Women in War
Hear the story of a field medic who saved the life of another soldier.
Work for Women
It took the outbreak of the First World War for women to be given more opportunities to take on work outside of the home.
The Women's Army Auxiliary Corps was a volunteer organisation that women joined to help the war effort. They wore military style uniform and took on the jobs that men had to leave in order to fight in the War. Despite being a uniformed service there were no ranks, and it was divided into four sections: Cookery, Mechanical, Clerical and Miscellaneous. The service was disbanded by 1920.
In World War Two, women were invited to join the Auxiliary Territorial Service (ATS) , which was established in 1938. All women joining the Army entered the ATS, except for nurses who joined the Queen Alexandra's Imperial Military Nursing Service. Women took on a variety of roles dependent on their experience in civilian life; however they were not permitted to fight. The ATS was disbanded in 1949.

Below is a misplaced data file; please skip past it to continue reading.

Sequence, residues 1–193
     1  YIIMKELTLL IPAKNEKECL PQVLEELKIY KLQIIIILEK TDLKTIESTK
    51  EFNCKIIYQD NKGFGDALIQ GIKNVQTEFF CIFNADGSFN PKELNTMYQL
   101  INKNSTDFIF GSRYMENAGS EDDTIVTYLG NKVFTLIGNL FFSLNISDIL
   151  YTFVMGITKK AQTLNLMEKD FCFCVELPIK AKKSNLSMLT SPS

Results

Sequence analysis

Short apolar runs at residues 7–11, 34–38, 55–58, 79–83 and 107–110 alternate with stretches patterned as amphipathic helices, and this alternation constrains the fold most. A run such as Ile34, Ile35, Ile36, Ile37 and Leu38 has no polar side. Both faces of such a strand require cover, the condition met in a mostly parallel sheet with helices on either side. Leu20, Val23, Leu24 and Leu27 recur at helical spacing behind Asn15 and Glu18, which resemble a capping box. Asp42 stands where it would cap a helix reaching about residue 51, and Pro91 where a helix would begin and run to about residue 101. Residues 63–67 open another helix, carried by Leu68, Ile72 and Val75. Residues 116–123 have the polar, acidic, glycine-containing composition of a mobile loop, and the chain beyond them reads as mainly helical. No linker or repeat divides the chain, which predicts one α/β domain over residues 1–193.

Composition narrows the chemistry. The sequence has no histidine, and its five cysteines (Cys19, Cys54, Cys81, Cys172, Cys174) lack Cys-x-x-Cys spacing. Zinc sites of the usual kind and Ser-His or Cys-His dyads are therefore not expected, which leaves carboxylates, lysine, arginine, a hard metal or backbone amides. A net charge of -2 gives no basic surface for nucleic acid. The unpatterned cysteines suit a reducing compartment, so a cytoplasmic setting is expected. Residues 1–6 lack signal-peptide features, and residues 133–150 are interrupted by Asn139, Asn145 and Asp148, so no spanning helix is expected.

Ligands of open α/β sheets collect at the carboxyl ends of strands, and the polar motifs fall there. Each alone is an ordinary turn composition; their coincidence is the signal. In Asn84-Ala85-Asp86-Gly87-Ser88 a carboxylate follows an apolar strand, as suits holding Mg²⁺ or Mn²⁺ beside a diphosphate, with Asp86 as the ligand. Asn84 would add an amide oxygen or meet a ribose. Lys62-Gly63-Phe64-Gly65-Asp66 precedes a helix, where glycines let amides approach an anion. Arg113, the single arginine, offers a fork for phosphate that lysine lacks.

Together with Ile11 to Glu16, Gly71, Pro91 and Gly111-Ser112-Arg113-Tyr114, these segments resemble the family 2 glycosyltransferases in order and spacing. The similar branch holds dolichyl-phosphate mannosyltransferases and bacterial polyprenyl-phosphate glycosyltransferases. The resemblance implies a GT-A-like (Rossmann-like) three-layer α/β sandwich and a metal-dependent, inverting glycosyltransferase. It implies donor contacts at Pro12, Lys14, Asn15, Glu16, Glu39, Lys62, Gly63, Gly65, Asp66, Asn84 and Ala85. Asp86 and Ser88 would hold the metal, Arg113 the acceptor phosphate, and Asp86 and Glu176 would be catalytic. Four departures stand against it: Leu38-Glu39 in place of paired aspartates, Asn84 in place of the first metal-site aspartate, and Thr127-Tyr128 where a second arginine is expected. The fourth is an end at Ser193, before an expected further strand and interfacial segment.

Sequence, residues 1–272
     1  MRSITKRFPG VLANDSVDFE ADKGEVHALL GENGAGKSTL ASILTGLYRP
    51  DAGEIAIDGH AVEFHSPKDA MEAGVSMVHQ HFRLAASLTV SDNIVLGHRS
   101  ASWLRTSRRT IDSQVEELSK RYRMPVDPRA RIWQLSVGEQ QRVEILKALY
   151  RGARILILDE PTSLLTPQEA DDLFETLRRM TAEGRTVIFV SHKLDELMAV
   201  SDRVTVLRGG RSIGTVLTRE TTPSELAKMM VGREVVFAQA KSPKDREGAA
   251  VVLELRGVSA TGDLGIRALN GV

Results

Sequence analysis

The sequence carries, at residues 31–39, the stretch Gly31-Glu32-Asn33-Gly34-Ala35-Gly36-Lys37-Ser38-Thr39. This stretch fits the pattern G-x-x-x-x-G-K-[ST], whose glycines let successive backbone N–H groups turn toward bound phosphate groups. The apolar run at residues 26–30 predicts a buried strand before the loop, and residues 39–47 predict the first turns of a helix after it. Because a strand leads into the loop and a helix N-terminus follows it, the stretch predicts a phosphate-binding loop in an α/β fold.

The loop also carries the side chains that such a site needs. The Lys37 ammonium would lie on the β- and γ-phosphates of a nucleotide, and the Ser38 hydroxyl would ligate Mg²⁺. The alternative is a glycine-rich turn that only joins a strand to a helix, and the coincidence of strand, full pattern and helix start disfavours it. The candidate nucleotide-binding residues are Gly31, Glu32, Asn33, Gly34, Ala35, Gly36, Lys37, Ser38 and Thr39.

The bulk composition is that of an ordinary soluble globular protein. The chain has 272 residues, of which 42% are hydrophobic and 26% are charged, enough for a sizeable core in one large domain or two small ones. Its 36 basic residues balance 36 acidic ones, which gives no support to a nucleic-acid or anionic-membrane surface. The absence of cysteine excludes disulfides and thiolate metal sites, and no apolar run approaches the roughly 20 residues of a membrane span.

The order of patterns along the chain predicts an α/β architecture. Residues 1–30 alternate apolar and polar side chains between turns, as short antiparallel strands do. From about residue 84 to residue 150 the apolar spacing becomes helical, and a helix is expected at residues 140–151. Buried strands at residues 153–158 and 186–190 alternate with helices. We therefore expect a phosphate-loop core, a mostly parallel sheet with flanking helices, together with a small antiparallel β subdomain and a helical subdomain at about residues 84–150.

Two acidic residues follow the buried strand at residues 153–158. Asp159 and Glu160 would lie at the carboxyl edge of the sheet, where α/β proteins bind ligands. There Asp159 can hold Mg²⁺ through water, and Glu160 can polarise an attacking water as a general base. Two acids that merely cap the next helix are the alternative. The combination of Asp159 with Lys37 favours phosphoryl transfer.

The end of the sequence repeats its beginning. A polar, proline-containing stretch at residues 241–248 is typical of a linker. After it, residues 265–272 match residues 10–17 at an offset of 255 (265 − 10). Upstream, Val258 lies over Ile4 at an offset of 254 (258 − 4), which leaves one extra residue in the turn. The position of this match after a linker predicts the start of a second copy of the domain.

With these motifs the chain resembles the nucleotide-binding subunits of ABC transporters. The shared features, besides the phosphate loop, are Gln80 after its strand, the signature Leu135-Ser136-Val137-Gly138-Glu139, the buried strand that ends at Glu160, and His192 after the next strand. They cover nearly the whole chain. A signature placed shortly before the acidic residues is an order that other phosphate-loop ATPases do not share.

Between 1949 and 1992, women wanting a military career could join the Women's Royal Army Corps (WRAC). Roles available to women gradually expanded, until there were over 40 trades that women could apply for, including chefs, dog handlers, drivers, intelligence analysts and military police. When the WRAC was disbanded in 1992, women were distributed into other units that were deemed 'appropriate' for women. The roles that women were permitted to apply for gradually expanded until only the combat roles were unavailable to them.
Women were not considered for equal combat roles within the Army until 2019.
Objects of Interest
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